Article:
December 23, 2016

Project Planning: Sky Blue 1830s Ball Gown

At last, the fall semester is finito, so it's time to get back to sewing!!  And I'm very excited to share the first, new project of the winter season...something special...drum roll 1830s ball gown made from a gorgeous sky blue and gold sari!  

Right side: sky blue with gold embroidery.
Underside in gold (left).

A couple of months ago now, one of my Aunt's "de-stashed" and sent us several boxes full of sewing supplies and fabrics.  It was just like Christmas, and, to my great delight, this satin sari all the way from India appeared.  Burn test (unfortunately) confirmed that it's most likely poly, but that doesn't take away from its gorgeousness!

The embroidered motifs of the body.
In its entirety, the sari measures a little over five yards.

A band of the pallu.

I had been saving the sari for a later project, until Ariana sent me this picture from the new mini-series about my favorite monarch, Victoria

 Jenna Coleman as the young Queen Victoria.
(Image via: DailyMail)

And then, I knew exactly what I needed to make next...a blue and gold 30s ball gown of my own!  So I turned to Pinterest to start gathering inspiration: 

Portrait of Amélie du Bois (1803-1891),
by Alexandre-Jean Dubois-Drahonet, 1821
(Image via: Christie's Lot 178)

Lucky for me, blue and gold seemed to be a period appropriate combination!  I will be modeling the sleeves and waist treatment after this portrait: 

Ann McCurdy Hart Hull (1790–1874)
Wadsworth Atheneum Museum of Art, Hartford, Connecticut
(Image via: Smithsonian)

And I found THE inspiration here:  This confirmed the use of a single, long lace flounce across the neckline and short, puffed sleeves. 

Portrait of a Lady by Alvan Clark, ca. 1835
(Image via: MET Museum, 38.146.3)

Lace flounce(s) seemed to be popular in the late-1820s and early-1830s especially over organdy or tulle over-sleeves: 

(Image via: Pinterest)

I plan to draft a two-dart bodice much like this portrait:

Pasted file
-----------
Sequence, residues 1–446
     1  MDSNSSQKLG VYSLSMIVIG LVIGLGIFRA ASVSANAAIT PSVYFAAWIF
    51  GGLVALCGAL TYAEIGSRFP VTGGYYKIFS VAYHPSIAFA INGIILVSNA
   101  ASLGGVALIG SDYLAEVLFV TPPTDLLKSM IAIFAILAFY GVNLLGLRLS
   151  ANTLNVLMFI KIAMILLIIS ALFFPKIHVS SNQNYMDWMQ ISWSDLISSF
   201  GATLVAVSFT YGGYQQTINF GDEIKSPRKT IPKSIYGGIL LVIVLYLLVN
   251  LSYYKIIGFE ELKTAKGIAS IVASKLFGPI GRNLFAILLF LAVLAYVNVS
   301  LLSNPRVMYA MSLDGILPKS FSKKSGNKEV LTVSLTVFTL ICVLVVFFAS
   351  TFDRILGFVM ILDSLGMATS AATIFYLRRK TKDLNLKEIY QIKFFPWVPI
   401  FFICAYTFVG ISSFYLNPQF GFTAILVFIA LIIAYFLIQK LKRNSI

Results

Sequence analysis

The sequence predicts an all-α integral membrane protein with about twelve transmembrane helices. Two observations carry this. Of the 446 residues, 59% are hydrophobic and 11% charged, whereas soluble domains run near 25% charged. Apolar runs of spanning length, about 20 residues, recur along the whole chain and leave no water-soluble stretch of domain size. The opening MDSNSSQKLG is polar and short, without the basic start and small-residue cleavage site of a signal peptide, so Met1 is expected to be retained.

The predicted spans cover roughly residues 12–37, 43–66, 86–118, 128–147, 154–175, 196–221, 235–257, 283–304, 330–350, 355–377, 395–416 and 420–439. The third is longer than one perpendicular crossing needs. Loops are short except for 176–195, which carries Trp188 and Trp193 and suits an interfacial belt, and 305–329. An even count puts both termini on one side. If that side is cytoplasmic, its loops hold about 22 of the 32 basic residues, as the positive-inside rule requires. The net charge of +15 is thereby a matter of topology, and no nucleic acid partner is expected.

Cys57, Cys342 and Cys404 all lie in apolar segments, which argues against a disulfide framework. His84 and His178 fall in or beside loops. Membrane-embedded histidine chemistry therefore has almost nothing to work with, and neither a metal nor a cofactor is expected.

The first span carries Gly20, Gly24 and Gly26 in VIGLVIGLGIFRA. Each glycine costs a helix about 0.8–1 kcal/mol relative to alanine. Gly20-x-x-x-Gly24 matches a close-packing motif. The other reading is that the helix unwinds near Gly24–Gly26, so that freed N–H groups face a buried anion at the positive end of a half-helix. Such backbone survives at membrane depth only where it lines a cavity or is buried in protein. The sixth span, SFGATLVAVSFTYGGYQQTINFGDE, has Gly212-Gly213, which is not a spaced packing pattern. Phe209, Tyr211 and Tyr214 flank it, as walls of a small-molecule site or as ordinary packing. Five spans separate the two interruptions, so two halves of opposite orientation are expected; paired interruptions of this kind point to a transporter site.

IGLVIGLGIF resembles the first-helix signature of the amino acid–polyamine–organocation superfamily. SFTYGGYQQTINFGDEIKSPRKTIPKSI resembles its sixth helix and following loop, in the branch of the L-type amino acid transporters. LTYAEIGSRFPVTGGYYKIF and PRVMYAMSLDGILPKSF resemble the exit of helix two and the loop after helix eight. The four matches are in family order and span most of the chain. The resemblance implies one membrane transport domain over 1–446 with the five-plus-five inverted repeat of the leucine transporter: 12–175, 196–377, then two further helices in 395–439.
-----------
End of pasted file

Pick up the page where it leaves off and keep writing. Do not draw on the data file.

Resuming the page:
Regina Daxenberger by Joseph Karl Stieler, 1829
(Image via: Pinterest)

Julie Grafin von Woyna by Friedrich von Amerling, 1832
(Image via: Pinterest)

Wow, no expense spared here - I bet that silver embroidery cost a royal fortune, not to mention those jewels! 

Dona Maria Cristina de Bourbon, Queen of Spain
by Vicente Lopez Portana, 1830
(Image via: Pinterest)

In examining period film representations, Jenna Coleman as the young queen in Victoria (which is a charming mini-series by the way) often sports the lace flounce and puffed sleeve style:

Jenna Coleman in Victoria.
(Image via: Tumblr)

Emily Blunt, also as Victoria, in one of my favorite period films, The Young Victoria, appears in the style:  Costumes by my one of my favorite designers, Sandy Powell.  It's like a frothy, lemon cake, I love it!!

Emily Blunt in The Young Victoria.
(Image via: Tumblr)

Once I finish my gown, I'll need to find a dance to wear it to!  

A Couple Dancing by Lionel Peraux
(Image via: Tumblr)

A French Soiree, 1819
(Image via: Black Tie Guide)

Time to get to work...


  1. Oooooh!! This is going to be so beautiful! I love the color of your sari and I adore 1830s fashions! And you wear them so very well!! I can't wait to watch "Victoria". I loved "The Young Victoria" immensely! I can't wait to see your creation!!

  2. That sari is amazing! I look forward to seeing it made up into a dress - I'm sure it sill be gorgeous! :D